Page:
Largest U.S. Smart Grid Demo Project Is Set to Roll
Written by Carl Imhoff
With all system infrastructure in place and utilities finishing up the installation of smart grid asset systems across the Pacific Northwest region, a transactive control system will "go live" this fall, allowing the installed assets to start responding to electric power conditions. Though questions will remain, we believe we are taking a significant step that will move the nation closer to a more efficient, sustainable and resilient power system.
We are in the midst of an impressive transformation of our electric power system. Technological advances are elevating the prospects of a more resilient, sustainable and efficient future power grid. Yet the question remains of how to get us there. What technologies work well? Can we make a business case for a "smarter" grid that can help, for example, integrate renewable energy that is coming online at a tremendous rate? The Pacific Northwest Smart Grid Demonstration Project, or PNW-SGDP, the largest in the nation, is trying to answer some of those questions.
With $178 million in funding from the U.S. Department of Energy and project participants (who are required to match the DOE contribution at 50 percent or more), the PNW-SGDP kicked off its five-year journey in February 2010, when concerted project planning began. Participants include 11 utilities, 5 technology partners and 60,000 consumers across the five states of Idaho, Montana, Oregon, Washington and Wyoming. We set out with five important objectives in mind:
- Quantify smart grid costs and benefits
- Facilitate the integration of renewable resources
- Validate new smart grid technologies and business models
- Advance standards for interoperability and cyber security
- Provide two-way communication between distributed generation, storage and demand assets, and the existing grid infrastructure
At the heart of our efforts is the creation of the project's new transactive control and coordination system. This distributed system will enable responsive assets and energy generation across the five-state region to produce and use electricity more efficiently. The system sends signals that communicate the expected future cost of delivering power to specific locations, allowing loads and distributed energy resources to react to price incentives. The loads and distributed energy resources in turn send a "feedback" signal communicating their energy consumption or supply plans in the future. At locations in the system where the flow of power may be affected these two signals are updated and are used to engage the local responsive assets. We are testing this technology on an array of assets to assess how it will improve future grid efficiency and reliability.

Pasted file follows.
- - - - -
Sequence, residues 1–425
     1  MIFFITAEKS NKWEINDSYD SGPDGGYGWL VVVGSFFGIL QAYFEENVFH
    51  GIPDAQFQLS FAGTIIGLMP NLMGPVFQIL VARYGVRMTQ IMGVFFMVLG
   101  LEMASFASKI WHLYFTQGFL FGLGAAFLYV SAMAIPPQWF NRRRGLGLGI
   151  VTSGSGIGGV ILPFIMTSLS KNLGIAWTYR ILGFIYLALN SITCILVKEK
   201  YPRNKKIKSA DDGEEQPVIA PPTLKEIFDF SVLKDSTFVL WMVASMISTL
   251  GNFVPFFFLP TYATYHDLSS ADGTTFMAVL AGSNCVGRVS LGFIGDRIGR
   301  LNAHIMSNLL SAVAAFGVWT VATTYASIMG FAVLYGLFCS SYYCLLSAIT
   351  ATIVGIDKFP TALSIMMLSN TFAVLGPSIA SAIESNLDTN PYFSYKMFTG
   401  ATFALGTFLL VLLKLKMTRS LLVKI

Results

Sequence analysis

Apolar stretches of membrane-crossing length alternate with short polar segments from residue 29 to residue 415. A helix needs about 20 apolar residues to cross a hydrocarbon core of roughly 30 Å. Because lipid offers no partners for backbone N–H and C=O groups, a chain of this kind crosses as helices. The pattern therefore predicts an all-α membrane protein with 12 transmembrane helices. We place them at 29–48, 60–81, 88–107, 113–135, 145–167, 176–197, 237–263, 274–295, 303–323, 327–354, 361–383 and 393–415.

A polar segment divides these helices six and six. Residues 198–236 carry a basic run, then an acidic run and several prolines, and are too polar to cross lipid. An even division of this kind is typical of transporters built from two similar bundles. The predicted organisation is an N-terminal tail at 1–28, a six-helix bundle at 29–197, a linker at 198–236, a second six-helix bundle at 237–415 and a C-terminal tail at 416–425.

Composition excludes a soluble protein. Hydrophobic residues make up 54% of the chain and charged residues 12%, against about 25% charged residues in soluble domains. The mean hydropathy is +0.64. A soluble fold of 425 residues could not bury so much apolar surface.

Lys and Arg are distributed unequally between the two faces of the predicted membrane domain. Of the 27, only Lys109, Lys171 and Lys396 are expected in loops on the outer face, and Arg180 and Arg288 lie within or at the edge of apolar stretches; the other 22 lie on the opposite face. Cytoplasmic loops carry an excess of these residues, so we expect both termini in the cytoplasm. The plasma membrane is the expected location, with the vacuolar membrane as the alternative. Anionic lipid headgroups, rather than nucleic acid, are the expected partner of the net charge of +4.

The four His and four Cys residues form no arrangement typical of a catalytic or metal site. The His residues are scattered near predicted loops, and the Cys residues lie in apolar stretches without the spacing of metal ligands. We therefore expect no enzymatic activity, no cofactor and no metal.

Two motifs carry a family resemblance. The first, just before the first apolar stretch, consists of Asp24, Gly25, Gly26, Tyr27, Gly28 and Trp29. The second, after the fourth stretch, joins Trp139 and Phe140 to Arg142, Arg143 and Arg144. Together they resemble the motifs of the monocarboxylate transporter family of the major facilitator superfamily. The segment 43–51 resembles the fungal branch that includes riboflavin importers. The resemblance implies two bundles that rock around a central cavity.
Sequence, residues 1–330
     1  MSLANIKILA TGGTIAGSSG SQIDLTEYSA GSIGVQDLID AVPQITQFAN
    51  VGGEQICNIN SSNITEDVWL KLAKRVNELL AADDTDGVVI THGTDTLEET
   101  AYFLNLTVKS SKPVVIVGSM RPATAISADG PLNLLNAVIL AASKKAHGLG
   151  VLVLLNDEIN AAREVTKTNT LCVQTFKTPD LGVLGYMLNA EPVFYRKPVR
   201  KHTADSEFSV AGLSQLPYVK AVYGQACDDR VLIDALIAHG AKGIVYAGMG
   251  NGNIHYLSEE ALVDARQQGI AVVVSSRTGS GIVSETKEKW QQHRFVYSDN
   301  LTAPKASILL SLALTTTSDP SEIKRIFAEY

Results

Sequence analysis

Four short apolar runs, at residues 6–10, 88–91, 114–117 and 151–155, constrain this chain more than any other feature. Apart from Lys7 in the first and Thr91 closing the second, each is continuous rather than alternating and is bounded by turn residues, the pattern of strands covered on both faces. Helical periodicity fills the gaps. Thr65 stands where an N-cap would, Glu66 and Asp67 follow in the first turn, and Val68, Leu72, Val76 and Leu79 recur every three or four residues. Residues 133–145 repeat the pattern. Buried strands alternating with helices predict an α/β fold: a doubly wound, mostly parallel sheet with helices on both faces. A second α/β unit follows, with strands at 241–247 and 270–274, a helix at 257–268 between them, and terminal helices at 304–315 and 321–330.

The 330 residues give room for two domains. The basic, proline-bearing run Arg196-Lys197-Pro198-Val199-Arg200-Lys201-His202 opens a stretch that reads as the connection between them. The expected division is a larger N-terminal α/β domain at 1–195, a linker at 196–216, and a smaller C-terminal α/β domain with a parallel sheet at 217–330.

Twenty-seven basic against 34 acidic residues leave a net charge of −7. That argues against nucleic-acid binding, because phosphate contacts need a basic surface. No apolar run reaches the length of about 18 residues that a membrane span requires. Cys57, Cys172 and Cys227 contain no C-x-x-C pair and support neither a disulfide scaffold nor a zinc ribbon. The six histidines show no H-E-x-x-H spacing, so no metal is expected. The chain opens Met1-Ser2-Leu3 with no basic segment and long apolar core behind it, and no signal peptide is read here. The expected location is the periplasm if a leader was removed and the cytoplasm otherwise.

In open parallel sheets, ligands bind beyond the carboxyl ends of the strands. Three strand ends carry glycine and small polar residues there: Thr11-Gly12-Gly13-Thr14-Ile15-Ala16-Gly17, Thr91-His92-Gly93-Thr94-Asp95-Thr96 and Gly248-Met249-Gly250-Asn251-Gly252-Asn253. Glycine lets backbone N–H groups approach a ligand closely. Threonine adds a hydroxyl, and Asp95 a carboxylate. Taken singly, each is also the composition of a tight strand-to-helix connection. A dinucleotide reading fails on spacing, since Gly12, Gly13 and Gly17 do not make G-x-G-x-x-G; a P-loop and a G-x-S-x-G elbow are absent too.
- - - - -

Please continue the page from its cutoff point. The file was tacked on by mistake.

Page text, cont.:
Take for example the problem of electric cars recharging their batteries during peak times of energy demand. Uncoordinated charging can lead to transformers overloading and general strain on the grid. With our new system in place, responsive assets from plug-in hybrid electric vehicles to water heaters can react to the grid's state, as represented in incentive signals, and charge batteries and heat water without straining the balance of generation and load.
The approach taken to transactive control and coordination is to delegate decision-making to each node in the system. The incentive signal informs that decision based upon both global grid conditions and local needs and availability.
For the car-charging example above, imagine a pole-top transformer serving some number of electric vehicles. If the transformer is overloaded, its service life will be reduced. The transformer adjusts the value of the incentive signal based on its current state, weather conditions and feedback from the vehicle chargers about future charging plans. When the transformer changes the future value of the incentive signal based on the charging plans, the plans may change as a result. Because the system is a form of closed loop control, convergence of the give and take between incentive signal changes and charging plans may be assured through careful algorithm design.